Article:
Galataport set to inspire other cruise terminals in world: Forbes
Galataport in Istanbul is among the eight best cruise terminals in the world as per the renowned U.S.-based Forbes magazine.
The article, recently penned by Ann Abel, a travel columnist for Forbes magazine, drew attention to the design, construction and functional features of Galataport.
“It’s an audacious new approach that is an engineering marvel and incorporating just about every type of construction.”
Galataport, where the passenger terminal is hidden underground, refers to the famous cisterns of Istanbul, according to Abel.
“Thanks to the lighting design, you forget that you are underground,” Abel said.
“Overhead, the developers created an entirely new, organic-feeling neighborhood of museums, shops, restaurants, cafés, town squares for small concerts and a nearly mile-long promenade,” the columnist said, underlining that it had, until then, been nearly a no-man’s-land.
Galataport is a cruise ship port and mixed-use property unit in Istanbul with 1,200 meters of city-center shoreline. The site, which cost $1.8 billion, was opened in April 2021, after a year’s postponement due to the coronavirus pandemic.
Especially in a lot of European cities, the cruise terminals are out of scale with the historic buildings in front of them, Abel said, adding that a few terminals don’t detract from a city’s beautiful and traditional character but, rather, add something to it.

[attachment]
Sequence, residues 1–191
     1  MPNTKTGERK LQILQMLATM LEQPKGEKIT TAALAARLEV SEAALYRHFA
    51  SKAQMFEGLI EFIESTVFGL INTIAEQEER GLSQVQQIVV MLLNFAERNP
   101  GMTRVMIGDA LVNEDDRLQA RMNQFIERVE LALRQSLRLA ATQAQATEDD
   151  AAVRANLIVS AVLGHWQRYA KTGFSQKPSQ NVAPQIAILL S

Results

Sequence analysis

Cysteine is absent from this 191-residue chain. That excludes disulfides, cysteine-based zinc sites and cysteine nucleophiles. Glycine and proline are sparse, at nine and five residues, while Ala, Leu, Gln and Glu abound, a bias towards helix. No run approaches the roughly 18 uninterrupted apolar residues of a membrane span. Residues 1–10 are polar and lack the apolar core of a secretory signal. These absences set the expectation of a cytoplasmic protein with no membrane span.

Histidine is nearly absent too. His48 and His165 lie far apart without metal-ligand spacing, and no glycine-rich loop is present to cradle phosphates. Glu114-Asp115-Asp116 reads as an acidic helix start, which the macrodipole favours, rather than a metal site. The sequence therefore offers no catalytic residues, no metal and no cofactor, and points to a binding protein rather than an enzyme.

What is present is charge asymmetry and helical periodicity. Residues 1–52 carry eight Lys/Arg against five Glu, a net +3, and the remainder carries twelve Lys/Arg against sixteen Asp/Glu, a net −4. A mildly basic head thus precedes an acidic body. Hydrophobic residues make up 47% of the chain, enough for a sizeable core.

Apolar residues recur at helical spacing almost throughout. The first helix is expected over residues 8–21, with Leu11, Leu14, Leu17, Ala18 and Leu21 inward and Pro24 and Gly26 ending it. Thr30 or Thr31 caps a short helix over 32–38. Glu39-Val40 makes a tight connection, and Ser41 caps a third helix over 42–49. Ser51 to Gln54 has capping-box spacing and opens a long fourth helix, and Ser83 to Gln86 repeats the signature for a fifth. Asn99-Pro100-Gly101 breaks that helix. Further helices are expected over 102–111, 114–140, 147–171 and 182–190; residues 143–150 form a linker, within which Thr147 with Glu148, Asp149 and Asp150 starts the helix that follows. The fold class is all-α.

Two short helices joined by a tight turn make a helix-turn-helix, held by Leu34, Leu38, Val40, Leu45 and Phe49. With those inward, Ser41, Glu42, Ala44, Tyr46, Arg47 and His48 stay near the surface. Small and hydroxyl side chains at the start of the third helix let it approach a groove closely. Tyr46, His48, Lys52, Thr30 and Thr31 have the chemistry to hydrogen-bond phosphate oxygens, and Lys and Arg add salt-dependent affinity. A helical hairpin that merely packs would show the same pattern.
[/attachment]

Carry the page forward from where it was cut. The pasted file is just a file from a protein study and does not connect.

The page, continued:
“Maybe it’s an appealing shape, or architectural significance or, in one place, the ability to disappear altogether,” the columnist added.
The cruise terminals in Portugal, Singapore, Malta, Qatar, Japan, Greece and Canada have also managed to make it on the list.
“The terminal in the port of Leixões, which was opened as the gateway to Portugal’s second city, Porto, is graceful, swirling and swooping edifice, alive with civic activity,” Abel said.
Abel also pointed out that mirroring its surroundings, the facilities of Valetta Cruise Port in Malta have a millennia-old history.
The waterfront, which won the European Union’s Europa Award for Cultural Heritage, includes 19 warehouses built in the late Baroque period, in the 18th century, with colorful doors and window shades, according to Abel.
Canada Place, which has a tent-like roof design lit up by night, in Vancouver quickly became an urban landmark after it was inaugurated in 2001, Abel said.
“The designers made the terminal an anchor of a large complex with other uses such as convention center, hotels, shops, and a cinema, the columnist added.
Ann Abel is an award-winning travel writer and editor who has written about more than 700 luxury destinations and hotels in 100 countries.
Prior to Forbes, she shared her views in Departures, Conde Nast Traveler, Robb Report, Afar, National Geographic Traveler and some other publications.